Our legal analysis of this issue begins by taking note of the following three things. First, as the speedy trial motion was apparently made and ruled upon orally in open court, we do not have, for our review, the benefit of judicial findings of fact and conclusions of law detailing the basis for its denial. We must therefore rely solely upon the factual circumstances set forth in the record, infra, to determine whether the State met its burden in opposing such a dismissal under G.S. 15A-703. See State v. Edwards, 49 N.C.App. 426, 271 S.E.2d 533 (1980), appeal dismissed, 301 N.C. 724, 276 S.E.2d 289 (1981); State v. Rogers, 49 N.C.App. 337, 271 S.E.2d 535, discretionary review denied, 301 N.C. 530, 273 S.E.2d 464 (1980). Second, Dare County is a county which holds a limited number of court sessions. From the time of defendant's indictment in March 1979 until his trial at a special court session in February 1980, there were only six regularly scheduled criminal terms of court in Dare County, *484 such being held on 14 and 21 May, 17 and 24 September, and 3 and 10 December 1979. Third, the time provisions governing this case are found in G.S. 15A-701(a1). In so stating, we expressly reject the State's argument that G.S. 15A-702 applies, due to the limited number of court sessions held in Dare County. By its terms, G.S. 15A-702 only addresses the situation where a defendant elects to move for a prompt trial, after the applicable time period of G.S. 15A-701 has expired due to the limited terms of court in the county of venue, and there is absolutely no evidence of such a motion here. Consequently, G.S. 15A-702 does not, as the State seems to suggest, exempt counties with fewer court sessions from the operation of the time limits stated in G.S. 15A-701. See State v. Vaughan, 51 N.C.App. 408, 276 S.E.2d 518, discretionary review improvidently granted, 303 N.C. 319, 281 S.E.2d 658 (1981). Rather, justifiable delay caused by a county's number of court sessions is a period which may be excluded from the required timetable of G.S. 15A-701. See G.S. 15A-701(b)(8). Against this legal background, we now proceed to examine the substance of defendant's statutory speedy trial claim.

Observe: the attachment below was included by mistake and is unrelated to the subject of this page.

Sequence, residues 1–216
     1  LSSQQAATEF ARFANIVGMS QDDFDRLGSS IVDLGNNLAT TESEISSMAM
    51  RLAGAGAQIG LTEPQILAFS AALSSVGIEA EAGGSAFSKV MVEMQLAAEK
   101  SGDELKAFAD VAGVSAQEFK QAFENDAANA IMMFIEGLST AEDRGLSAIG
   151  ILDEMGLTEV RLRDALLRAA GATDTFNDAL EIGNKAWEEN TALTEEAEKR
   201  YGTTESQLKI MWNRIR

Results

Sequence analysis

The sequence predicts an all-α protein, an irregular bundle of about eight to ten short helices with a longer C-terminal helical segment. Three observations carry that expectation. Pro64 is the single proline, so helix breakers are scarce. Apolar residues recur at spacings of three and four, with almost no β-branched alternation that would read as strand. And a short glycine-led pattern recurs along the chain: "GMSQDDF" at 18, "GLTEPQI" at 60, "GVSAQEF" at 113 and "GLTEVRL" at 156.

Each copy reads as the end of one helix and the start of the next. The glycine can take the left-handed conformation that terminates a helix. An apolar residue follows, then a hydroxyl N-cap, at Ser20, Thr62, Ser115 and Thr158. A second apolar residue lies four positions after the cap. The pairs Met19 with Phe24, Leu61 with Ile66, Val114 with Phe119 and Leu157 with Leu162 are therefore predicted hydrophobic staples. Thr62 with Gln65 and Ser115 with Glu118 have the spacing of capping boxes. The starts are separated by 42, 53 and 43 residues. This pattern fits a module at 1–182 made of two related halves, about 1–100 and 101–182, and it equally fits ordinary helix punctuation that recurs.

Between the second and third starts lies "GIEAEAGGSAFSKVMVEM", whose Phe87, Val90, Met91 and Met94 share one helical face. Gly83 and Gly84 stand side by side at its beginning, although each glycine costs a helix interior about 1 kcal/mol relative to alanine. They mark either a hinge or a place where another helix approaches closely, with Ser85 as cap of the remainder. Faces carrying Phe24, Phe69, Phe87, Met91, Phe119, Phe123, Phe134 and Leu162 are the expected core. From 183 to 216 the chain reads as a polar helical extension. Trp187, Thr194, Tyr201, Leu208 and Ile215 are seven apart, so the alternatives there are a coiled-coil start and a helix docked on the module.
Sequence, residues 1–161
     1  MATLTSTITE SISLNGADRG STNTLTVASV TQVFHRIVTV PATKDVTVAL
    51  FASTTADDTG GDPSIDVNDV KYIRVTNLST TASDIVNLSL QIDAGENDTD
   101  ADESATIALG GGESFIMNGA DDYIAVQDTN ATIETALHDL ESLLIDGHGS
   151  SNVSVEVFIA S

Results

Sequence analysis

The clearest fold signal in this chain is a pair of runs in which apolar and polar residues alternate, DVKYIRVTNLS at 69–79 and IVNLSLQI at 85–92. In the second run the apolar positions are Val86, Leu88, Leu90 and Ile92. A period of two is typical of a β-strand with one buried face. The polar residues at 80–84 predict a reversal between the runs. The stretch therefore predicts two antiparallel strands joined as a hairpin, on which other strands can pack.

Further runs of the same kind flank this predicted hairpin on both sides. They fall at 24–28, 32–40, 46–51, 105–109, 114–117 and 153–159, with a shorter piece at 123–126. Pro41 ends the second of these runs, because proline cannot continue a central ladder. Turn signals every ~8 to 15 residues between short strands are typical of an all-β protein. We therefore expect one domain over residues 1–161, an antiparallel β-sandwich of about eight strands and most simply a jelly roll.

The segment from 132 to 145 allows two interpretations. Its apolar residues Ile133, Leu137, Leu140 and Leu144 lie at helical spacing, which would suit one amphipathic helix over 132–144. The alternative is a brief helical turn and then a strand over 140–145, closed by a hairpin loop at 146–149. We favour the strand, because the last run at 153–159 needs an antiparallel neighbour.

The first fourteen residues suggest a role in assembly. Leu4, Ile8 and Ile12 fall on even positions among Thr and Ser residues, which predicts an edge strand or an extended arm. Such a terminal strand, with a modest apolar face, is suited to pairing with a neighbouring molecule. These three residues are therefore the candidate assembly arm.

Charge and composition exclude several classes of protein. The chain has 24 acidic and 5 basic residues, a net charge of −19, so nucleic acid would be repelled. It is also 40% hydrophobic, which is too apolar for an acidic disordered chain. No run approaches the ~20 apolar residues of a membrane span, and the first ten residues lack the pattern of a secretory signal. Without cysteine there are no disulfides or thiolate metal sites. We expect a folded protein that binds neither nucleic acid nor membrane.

The pertinent facts are as follows. Defendant was indicted for the charged offense on 12 March 1979. The next criminal sessions of court in Dare County were scheduled for the weeks of 14 and 21 May 1979. On 16 May 1979, the State moved for a special jury venire in the case. Judge Browning took the matter under consideration and, after receiving the affidavits of various witnesses from both sides on the question, subsequently denied the State's motion on 7 June 1979. The next regularly scheduled criminal court session in Dare County was not until 17 September 1979. On 17 September 1979, defendant moved for a continuance until the December court session. Judge Barefoot granted the motion, and the case was set for trial on 3 December 1979. When the case was called for trial on 3 December, the State renewed its motion for a special jury venire and submitted additional supporting affidavits to the court. Judge Brown granted the State's motion on 4 December (despite Judge Browning's prior ruling to the contrary on an identical motion). As part of that order, Judge Brown directed that a special venire of jurors be selected from Perquimans County and set defendant's trial for 11 February 1980 at a special session of Superior Court in Dare County. Defendant thereupon moved for a dismissal contending that his trial would not then begin and be held within the time limits of G.S. 15A-701. Judge Brown denied the motion. Defendant was thereafter brought to trial on 11 February 1980.